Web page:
Western Announces Third Quarter 2020 Results
Western Forest Products Inc. (“Western” or the “Company”) reported adjusted EBITDA of $33.7 million in the third quarter of 2020. The Company capitalized on improved markets in North America by increasing sales of Western Red Cedar (“WRC”) lumber and by redirecting products destined for relatively weaker export markets. Western took advantage of favourable timberlands operating conditions and restarted certain idled mill operations to grow production and drive cost efficiencies.
Net income of $11.5 million ($0.03 net income per diluted share) was reported for the third quarter of 2020, as compared to net loss of $18.7 million ($0.05 net loss per diluted share) for the third quarter of 2019 and net income of $8.5 million ($0.02 net income per diluted share) in the second quarter of 2020.
Third Quarter Highlights:
– Achieved an average lumber price of $1,264 per thousand board feet
– Increased lumber shipments 10% over Q2 2020
– Levered flexible operating platform to grow lumber production and shipments within North America
– Restarted the Ladysmith Sawmill, Cowichan Bay Planer and Alberni Pacific Planer operations
– Repaid $32.8 million of debt, closing the period with $127.9 million of available liquidity
Western’s third quarter adjusted EBITDA was $33.7 million, including export tax expense of $11.0 million, as compared to negative adjusted EBITDA of $16.6 million in the third quarter of 2019, and adjusted EBITDA of $29.5 million reported in the second quarter of 2020. Operating income prior to restructuring and other items was $19.0 million, compared to a loss of $24.2 million in the third quarter of 2019, and $14.6 million of income reported in the first quarter of 2020.
“We leveraged our flexible operating platform, increasing sales in the strong North American lumber market, to deliver improved EBITDA,” said Don Demens, President and Chief Executive Officer. “Looking ahead, we are well positioned to build on these results as we remain focused on safeguarding our people and our business from the impacts of COVID-19.”
Summary of Third Quarter 2020 Results
Adjusted EBITDA for the third quarter of 2020 was $33.7 million, as compared to negative adjusted EBITDA of $16.6 million in the same period last year. We capitalized on an improved market in North America by increasing our Western Red Cedar shipments and by redirecting production from weaker export markets to North America. Increased log and lumber production drove cost efficiencies while higher prices reduced inventory provisions. Operating income prior to restructuring and other items was $19.0 million, as compared to an operating loss of $24.2 million in the same period last year. Prior year third quarter results include the impact of the United Steelworkers Local 1-1937 (“USW”) strike (the “Strike”) that ended in the first quarter of 2020.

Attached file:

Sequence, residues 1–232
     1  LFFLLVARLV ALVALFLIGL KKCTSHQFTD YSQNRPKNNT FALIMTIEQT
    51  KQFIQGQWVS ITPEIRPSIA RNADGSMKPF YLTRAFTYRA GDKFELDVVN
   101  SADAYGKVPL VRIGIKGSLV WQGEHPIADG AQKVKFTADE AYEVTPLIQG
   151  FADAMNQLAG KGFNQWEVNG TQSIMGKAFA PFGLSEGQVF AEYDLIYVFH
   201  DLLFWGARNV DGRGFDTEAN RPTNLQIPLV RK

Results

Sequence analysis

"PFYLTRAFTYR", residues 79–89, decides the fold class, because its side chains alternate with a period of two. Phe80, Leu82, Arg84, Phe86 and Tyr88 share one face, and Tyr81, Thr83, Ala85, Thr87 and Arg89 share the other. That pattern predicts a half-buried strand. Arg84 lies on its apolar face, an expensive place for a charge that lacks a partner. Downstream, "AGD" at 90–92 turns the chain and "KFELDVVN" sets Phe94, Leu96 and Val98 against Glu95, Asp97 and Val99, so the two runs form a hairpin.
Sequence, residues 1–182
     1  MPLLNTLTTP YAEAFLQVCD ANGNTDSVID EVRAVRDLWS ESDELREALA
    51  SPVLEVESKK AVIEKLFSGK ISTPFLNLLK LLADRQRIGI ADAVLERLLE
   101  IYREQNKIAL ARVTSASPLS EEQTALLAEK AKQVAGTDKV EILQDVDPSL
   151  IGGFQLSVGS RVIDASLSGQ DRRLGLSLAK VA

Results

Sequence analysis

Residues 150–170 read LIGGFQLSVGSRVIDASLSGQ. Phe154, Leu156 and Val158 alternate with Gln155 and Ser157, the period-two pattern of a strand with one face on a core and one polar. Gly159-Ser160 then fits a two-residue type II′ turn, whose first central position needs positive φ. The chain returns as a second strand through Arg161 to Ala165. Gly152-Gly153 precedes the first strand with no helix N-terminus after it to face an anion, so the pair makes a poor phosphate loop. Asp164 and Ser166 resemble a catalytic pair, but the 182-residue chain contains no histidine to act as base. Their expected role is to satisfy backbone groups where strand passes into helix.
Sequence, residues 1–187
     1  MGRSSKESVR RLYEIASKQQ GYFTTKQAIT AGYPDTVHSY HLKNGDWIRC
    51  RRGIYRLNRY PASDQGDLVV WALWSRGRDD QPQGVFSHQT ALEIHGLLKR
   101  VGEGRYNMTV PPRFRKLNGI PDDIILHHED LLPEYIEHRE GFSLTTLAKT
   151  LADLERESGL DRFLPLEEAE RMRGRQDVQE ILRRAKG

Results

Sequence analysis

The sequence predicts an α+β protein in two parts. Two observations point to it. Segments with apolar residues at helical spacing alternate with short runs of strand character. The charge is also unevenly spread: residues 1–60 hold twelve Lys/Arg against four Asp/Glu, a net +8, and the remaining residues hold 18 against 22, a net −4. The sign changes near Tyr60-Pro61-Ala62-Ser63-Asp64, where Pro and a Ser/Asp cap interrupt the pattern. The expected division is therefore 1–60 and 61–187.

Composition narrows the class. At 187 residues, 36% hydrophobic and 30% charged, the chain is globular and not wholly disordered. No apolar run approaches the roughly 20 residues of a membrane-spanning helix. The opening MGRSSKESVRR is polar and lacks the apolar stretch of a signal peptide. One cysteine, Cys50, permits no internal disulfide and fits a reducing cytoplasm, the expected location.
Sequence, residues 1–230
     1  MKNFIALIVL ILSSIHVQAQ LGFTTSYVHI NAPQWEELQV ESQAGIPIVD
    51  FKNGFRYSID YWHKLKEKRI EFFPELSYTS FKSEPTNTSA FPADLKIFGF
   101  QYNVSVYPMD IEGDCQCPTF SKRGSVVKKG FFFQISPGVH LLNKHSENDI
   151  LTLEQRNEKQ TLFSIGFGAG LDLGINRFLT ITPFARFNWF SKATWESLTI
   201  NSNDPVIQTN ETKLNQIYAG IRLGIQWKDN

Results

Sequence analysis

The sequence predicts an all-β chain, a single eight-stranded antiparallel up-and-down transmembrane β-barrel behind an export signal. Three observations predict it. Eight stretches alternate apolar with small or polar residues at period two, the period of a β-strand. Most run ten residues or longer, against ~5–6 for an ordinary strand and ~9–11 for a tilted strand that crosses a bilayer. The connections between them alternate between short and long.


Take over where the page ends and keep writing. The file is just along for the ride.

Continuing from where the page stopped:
We continue to strictly enforce enhanced health and safety protocols and regularly re-evaluate market conditions arising from the novel Coronavirus pandemic (“COVID-19”). Our near-term focus remains on ensuring the health and safety of our employees, managing our balance sheet, and servicing our customers.
Lumber and log sales benefitted from significantly improved North American lumber markets. Robust demand from the repair and renovation and new home building sectors combined with constrained supply to drive record pricing in North American commodity lumber markets in the quarter. Strong demand for our WRC products supported increased shipments and better pricing. As the quarter progressed, we levered our flexible operating platform by redirecting volumes from the relatively weak export markets to North America.
Lumber revenue in the third quarter was $208.6 million, an increase of 90% from the same period last year, and an increase of 10% from the second quarter of 2020. Lumber shipment volumes of 165 million board feet were 83% higher than the same period last year and increased 9% from the second quarter of 2020. In comparison to the second quarter of 2020, we grew WRC lumber shipments by 19% and our North American lumber diversion strategy led to a 21% increase in commodity lumber shipments.
Our average realized lumber price of $1,264 per thousand board feet increased 2% from the same period last year as price improvements were partly offset by a weaker sales mix. Despite increasing our WRC volumes, the percentage of specialty product shipments decreased to 59% from 64% in the third quarter last year as we grew our production of North American commodity lumber. Lower wholesale lumber shipments and a relatively weaker Canadian dollar partly offset improved third quarter lumber revenue in 2020.
Log revenue was $73.7 million in the third quarter of 2020, an increase of 169% from the same period last year and a 22% increase from the second quarter of 2020. Log revenue growth resulted from increased shipments and was achieved despite a weaker sales mix and lower export log market pricing. We recently redirected export log inventory to our sawmills as a result of the strong North American lumber market.
By-product revenue was $8.3 million, an increase of 84% as compared to the same period last year, and a 19% increase from the second quarter of 2020. Increased production led to higher by-product shipments, while pricing was negatively impacted by the weak NBSK pulp market.
Third quarter lumber production of 192 million board feet was 300% higher than the same period last year, and an increase of 34% from the second quarter of 2020. We achieved significantly higher production through increased operating hours and by an improved recovery that was influenced by higher domestic market production. We restarted production at our Cowichan Bay sawmill on May 4, 2020 and at our Ladysmith sawmill on August 4, 2020, with both operations having remained curtailed following the Strike. Our Columbia Vista sawmill was curtailed for 7 days due to power issues and poor air quality caused by forest fires.